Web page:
Archive for November, 2009

Looking Like Work?

November 28, 2009

A good description of one of the problems of the academic life from Confessions of a Community College Dean:

Now that computers are much more fun than they used to be, writing doesn’t look like work anymore. It is, of course, but it doesn’t look like it. When I’m at the computer typing, I might be doing something for my day job, or blogging, or reading, or shopping, or emailing, or tweeting. In any given hour, it’s usually a mix. Chewing on an idea isn’t a linear process. It’s shaggier than that, which is necessary to get enough perspective on what’s already written to make revising worthwhile. But if you swoop in from the outside and peek over my shoulder at a random moment, you might see a series of tweets or an article on heaven-knows-what, while I maintain with a straight face that I’m writing. And I am. It just doesn’t look like it.

In my faculty days, class preparation time often had the same flaw. TW would assume that I was ‘on call’ at any moment that I wasn’t actually in a classroom or grading. Thinking can look suspiciously like goofing off, and any honest account would have to concede that some amount of goofing off is an integral part of the process. But the process is real. The problem is that, from the outside, it’s often indistinguishable from loafing.

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Self-definition 1: Historic

November 28, 2009

It’s always a challenge to explain yourself to others; we tend to rely on labels. Labels have advantages and disadvantages; at the very least, they need some explanation.  What I hope to do in a series of posts is describe myself using a series of these labels. Through them, I will try and describe how I view myself within the theological/Christian tradition in at least in some broad parameters. I’ve been reflecting on this for a little while and thought it would be a useful exercise for me, at least.

I’m going to start with “historic.” I consciously identify myself within the boundaries of Christian orthodoxy, which means I am an historic Christian. As with the early Christian fathers, I believe there is a “rule of faith,” a tradition of orthodoxy that helps define the broad boundaries of the Christian faith. That is why we properly give a great deal of deference to the early Christian creeds (such as Nicea and Chalcedon).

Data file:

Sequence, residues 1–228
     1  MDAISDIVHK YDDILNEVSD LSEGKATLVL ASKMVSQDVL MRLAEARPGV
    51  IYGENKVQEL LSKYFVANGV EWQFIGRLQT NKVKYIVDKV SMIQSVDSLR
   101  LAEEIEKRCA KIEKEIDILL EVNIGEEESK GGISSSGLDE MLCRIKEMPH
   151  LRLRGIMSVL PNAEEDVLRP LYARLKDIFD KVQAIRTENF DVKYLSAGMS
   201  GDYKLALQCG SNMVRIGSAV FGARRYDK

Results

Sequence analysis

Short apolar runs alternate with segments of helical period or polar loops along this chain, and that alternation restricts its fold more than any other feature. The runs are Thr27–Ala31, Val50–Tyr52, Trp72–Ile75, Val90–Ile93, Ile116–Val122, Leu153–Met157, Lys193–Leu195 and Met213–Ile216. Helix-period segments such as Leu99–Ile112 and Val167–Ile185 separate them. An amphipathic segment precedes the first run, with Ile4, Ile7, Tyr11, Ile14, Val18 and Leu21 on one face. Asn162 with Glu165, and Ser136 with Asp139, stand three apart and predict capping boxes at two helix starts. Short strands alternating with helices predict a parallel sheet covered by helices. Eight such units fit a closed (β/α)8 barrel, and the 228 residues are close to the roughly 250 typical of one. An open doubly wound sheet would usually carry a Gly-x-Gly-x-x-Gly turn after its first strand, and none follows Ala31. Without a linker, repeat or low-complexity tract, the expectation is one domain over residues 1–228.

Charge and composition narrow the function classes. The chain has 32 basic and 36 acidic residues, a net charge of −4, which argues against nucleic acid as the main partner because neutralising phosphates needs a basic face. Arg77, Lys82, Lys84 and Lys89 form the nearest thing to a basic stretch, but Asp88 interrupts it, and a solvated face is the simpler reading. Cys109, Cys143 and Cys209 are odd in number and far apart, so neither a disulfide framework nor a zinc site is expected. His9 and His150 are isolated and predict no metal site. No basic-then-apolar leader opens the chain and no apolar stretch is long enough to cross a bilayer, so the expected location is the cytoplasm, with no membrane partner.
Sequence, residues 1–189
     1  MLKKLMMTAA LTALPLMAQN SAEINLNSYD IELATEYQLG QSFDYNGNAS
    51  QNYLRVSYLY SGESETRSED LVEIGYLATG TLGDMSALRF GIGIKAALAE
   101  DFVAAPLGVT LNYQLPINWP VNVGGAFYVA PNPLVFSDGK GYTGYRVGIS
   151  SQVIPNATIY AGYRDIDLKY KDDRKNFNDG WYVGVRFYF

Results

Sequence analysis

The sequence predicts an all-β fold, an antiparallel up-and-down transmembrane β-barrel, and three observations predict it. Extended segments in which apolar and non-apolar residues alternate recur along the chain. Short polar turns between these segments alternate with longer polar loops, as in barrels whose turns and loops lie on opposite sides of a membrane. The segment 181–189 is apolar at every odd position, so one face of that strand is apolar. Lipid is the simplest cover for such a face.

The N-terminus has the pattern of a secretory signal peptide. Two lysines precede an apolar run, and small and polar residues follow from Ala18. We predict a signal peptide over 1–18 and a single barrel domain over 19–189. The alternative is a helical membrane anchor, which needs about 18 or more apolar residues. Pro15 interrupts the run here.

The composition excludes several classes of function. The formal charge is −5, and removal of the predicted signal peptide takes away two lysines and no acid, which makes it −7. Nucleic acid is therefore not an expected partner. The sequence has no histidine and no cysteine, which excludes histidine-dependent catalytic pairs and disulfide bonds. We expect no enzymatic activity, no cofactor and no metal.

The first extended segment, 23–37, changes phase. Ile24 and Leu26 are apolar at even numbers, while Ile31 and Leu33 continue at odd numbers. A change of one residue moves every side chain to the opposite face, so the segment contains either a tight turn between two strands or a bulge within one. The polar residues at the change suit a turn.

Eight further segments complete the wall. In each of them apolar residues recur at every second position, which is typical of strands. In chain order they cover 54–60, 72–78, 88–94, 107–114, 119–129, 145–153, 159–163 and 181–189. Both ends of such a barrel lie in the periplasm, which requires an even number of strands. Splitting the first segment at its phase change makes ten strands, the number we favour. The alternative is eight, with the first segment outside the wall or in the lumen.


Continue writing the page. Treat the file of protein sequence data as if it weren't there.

Evangelicals have increasingly recognized the importance of tradition (see, for example, D.H. Williams’ Retrieving the Tradition: A Primer for Suspicious Evangelicals). Not all my friends (nor my students) have found that persuasive. I grew up in a Baptist church and we never used the creeds – I am part an evangelicalism that often stresses the Bible as the sole authority; we have no creed but the Bible! The problem is that the Bible alone seems to be insufficient to infallibly guide us to the truth. So tradition is another tool that helps us avoid big mistakes and leads us in the right direction.

I don’t believe the early church was infallible, of course. Mistakes (even some big ones) were made; in fact, even within the NT we find ample evidence of false teaching within the early church. But, the NT embodies the apostolic tradition and helps define, at least broadly, the boundaries of the faith. It is worth noting that in the early debates over Christology, for example, appeals to “the tradition” or the apostolic teaching were a key factor in deciding which of the dueling interpretive traditions was correct. I believe it was Alister McGrath who used the phrase “critical appropriation” to suggest a model for how to value tradition, without slavish and thoughtless repetition (The Genesis of Doctrine).

Balancing respect and deference to the accumulated wisdom of the Great Tradition with a love for the truth that humbly subjects that accumulated wisdom to the norming norm of scripture (with a little assist from reason and experience, when appropriate) is a difficult task, but one that is essential.

 

GMO and Religion, etc.

November 27, 2009

An interesting looking book on genetically modified foods and religious and ethical concerns is briefly reviewed at Religion Dispatches. The site is often a challenge for those with more orthodox theology, but keeps pointing me to interesting things, so I keep reading.

A Christmas Memory – The Best Christmas Ever

November 27, 2009

Though I’m not sure it ever made it into print, here’s a Christmas story from Carla that at least made an online appearance. It was indeed the best Christmas ever. Just found it today.

No more out of print books?

November 26, 2009

An interesting post by Scott McLemee  about libraries, books and their joint future at Inside Higher education. It identifies issues related to out-of-print books (there are fewer of them daily), the role of used books in library acquisition budgets (increasing), the possibility of print on demand as a future revenue source for libraries (not yet there, but perhaps coming), and more. All of this comes from the latest issue of Against the Grain, a periodical I may have to start reading.

ETS Insights

November 25, 2009

I got back from the annual ETS meeting last week and have a few general impressions to share:

1) New Orleans has great food (I know, it’s obvious, but it was!). And, as usual, the banquet is a gastronomic mistake (though the desert was pretty good, the rest of the meal – uninteresting compared to the neighborhood eateries).